recreational ice skating

 

You are all set to compete in your first competition. You have spent countless hours practicing your program and all of the elements in it. On the day of your event, you arrive at the rink and hear people calling your name. Your coach rushes up to you, tells you that your event is taking the ice at this very minute, and you need to get your skates on right away. Panic sets in. You do not have your skating outfit on yet, your hair is a mess, and oh no — you only have one skate in your bag!

 

Does this sound like a bad dream? Why put in all that time training when you are completely unprepared for the event itself? Here is a checklist that will help you prepare for success and keep your competition dreams from becoming nightmares.

 

THE NIGHT BEFORE

  • Pack the Essentials. You won’t believe how many competitors arrive at competitions without their skates or outfits. It is wise to have them together and ready the night before.
  • Don’t Forget the Extras. Make sure you have guards, extra copies of your music, and extra laces. If anything happens to your equipment, you need to be prepared to remedy it.
  • What are You Doing? Double check your competition schedule, taking note whether you are competing in compulsories, footwork or freestyle, for example.

COMPETITION DAY

  • Arrive an Hour Early. Competitions can run early or late, and you need the extra time to register, get dressed and stretch.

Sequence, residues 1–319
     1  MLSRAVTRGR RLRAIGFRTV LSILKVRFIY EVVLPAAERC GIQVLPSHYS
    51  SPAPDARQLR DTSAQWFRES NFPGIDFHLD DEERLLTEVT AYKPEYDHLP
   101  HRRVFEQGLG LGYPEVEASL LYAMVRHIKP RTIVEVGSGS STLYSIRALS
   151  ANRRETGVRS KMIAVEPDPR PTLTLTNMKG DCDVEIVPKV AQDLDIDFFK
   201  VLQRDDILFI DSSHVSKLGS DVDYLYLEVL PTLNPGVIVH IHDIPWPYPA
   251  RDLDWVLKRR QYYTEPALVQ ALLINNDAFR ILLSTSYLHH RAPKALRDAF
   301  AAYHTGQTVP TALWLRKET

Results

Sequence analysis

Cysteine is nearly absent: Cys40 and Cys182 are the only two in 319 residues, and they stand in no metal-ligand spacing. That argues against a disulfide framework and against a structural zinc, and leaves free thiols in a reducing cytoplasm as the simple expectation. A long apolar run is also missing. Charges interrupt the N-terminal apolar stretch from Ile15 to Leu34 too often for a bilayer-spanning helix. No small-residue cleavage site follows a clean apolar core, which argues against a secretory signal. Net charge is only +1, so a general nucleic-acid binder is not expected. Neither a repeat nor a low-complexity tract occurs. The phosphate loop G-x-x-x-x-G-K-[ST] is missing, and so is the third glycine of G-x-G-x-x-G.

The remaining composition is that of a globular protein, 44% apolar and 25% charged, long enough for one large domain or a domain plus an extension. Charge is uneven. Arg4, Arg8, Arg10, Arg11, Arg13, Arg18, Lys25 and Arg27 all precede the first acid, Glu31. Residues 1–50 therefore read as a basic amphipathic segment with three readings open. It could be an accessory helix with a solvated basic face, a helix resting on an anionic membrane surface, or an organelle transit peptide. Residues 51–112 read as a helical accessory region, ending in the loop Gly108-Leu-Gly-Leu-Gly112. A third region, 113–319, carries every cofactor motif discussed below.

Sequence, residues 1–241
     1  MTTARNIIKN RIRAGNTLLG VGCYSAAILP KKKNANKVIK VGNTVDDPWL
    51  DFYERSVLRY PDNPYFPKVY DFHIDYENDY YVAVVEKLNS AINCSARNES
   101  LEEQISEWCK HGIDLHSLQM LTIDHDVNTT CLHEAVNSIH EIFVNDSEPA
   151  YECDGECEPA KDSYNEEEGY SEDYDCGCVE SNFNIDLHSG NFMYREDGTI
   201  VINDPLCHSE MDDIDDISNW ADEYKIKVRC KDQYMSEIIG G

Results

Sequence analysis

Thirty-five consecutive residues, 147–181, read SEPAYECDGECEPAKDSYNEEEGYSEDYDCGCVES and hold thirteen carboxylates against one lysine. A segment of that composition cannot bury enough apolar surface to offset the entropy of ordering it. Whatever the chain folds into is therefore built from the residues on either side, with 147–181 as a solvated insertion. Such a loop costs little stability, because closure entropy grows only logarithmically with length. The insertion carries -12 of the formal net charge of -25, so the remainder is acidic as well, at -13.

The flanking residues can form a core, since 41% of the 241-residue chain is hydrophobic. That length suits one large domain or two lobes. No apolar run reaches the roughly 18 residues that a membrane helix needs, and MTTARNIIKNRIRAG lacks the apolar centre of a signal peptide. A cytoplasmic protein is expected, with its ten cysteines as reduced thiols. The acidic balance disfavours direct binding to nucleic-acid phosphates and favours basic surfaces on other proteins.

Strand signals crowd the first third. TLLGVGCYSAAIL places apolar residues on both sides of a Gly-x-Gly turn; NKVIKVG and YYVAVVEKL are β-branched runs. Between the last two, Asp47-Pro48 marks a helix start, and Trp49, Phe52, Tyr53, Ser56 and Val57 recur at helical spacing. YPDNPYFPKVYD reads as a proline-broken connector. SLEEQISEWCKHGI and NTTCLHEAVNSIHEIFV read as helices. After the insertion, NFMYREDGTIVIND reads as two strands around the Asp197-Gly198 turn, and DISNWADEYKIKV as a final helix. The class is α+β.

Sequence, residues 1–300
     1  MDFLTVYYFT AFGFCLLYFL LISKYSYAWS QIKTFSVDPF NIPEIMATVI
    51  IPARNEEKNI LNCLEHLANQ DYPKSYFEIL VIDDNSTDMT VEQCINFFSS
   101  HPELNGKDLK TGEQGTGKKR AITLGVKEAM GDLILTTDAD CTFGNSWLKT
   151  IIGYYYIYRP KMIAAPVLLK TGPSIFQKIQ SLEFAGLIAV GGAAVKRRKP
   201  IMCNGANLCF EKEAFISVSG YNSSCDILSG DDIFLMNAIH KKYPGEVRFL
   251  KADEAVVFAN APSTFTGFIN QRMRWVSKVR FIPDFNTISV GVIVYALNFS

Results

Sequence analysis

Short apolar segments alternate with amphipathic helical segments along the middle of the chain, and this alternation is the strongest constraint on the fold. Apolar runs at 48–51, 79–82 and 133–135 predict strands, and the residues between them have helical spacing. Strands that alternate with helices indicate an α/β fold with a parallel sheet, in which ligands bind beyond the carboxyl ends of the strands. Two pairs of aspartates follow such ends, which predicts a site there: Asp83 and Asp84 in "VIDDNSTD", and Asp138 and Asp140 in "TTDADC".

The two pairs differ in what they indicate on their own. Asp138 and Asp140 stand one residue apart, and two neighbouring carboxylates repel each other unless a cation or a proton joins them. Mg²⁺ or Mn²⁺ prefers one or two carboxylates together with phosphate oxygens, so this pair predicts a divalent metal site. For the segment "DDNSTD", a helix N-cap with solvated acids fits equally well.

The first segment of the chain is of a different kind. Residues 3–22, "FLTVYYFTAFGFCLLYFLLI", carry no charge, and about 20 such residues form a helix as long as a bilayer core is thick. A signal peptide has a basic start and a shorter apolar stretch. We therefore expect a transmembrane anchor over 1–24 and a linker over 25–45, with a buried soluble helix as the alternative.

• Check In. The first thing to do upon arrival is to check in at the registration desk. This is where you will turn in your music and learn more about the rink, such as where you will be skating and location of the locker rooms.
  • Find Your Coach. Sometimes they will be rink-side, coaching other competitions, of if on a break, they are most likely looking for you. Your coach will want to give you some instructions before you take the ice. The most nerve-wracking thing for a coach at competitions is not being able to find their next competitor, so don’t wander too far.
  • Are We on Time? Check in with the ice monitor to find out if the competition is running early or late.
  • Dress for the Part. Now you can put on your outfit and make-up and get warmed up by stretching.
  • Pay Attention! Always know what event is on the ice in order to judge when to finish getting ready. You do not want to put your skates on too early, or your feet may fall asleep. We suggest lacing them up when the warm-up group previous to your event takes the ice. Groups will usually be called over the rink speakers, so make sure you stay in the building before your event. This will be your cue to check in with the ice monitor at the rink.
  • Showtime! Finally, find your coach and prepare yourself to put on a great performance. The more prepared you are for this day, the more you keep stress at a minimum. This checklist should help you to get ready for this important day. The only thing you have to think about now is skating your best.

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